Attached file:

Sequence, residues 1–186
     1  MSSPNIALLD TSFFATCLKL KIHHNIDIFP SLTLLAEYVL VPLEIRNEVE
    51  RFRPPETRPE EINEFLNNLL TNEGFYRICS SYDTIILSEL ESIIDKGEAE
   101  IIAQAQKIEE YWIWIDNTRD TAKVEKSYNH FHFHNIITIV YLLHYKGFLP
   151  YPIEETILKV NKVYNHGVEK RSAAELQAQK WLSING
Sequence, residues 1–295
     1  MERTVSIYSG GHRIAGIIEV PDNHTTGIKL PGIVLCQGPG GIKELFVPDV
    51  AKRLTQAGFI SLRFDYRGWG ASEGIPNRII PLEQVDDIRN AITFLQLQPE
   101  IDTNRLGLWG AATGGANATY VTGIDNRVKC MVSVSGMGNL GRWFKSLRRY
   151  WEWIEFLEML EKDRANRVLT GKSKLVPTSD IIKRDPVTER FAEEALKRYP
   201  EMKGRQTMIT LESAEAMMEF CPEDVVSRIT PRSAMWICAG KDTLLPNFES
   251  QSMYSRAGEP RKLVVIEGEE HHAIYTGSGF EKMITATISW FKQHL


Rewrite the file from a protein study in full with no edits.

Sequence, residues 1–186
     1  MSSPNIALLD TSFFATCLKL KIHHNIDIFP SLTLLAEYVL VPLEIRNEVE
    51  RFRPPETRPE EINEFLNNLL TNEGFYRICS SYDTIILSEL ESIIDKGEAE
   101  IIAQAQKIEE YWIWIDNTRD TAKVEKSYNH FHFHNIITIV YLLHYKGFLP
   151  YPIEETILKV NKVYNHGVEK RSAAELQAQK WLSING
Sequence, residues 1–295
     1  MERTVSIYSG GHRIAGIIEV PDNHTTGIKL PGIVLCQGPG GIKELFVPDV
    51  AKRLTQAGFI SLRFDYRGWG ASEGIPNRII PLEQVDDIRN AITFLQLQPE
   101  IDTNRLGLWG AATGGANATY VTGIDNRVKC MVSVSGMGNL GRWFKSLRRY
   151  WEWIEFLEML EKDRANRVLT GKSKLVPTSD IIKRDPVTER FAEEALKRYP
   201  EMKGRQTMIT LESAEAMMEF CPEDVVSRIT PRSAMWICAG KDTLLPNFES
   251  QSMYSRAGEP RKLVVIEGEE HHAIYTGSGF EKMITATISW FKQHL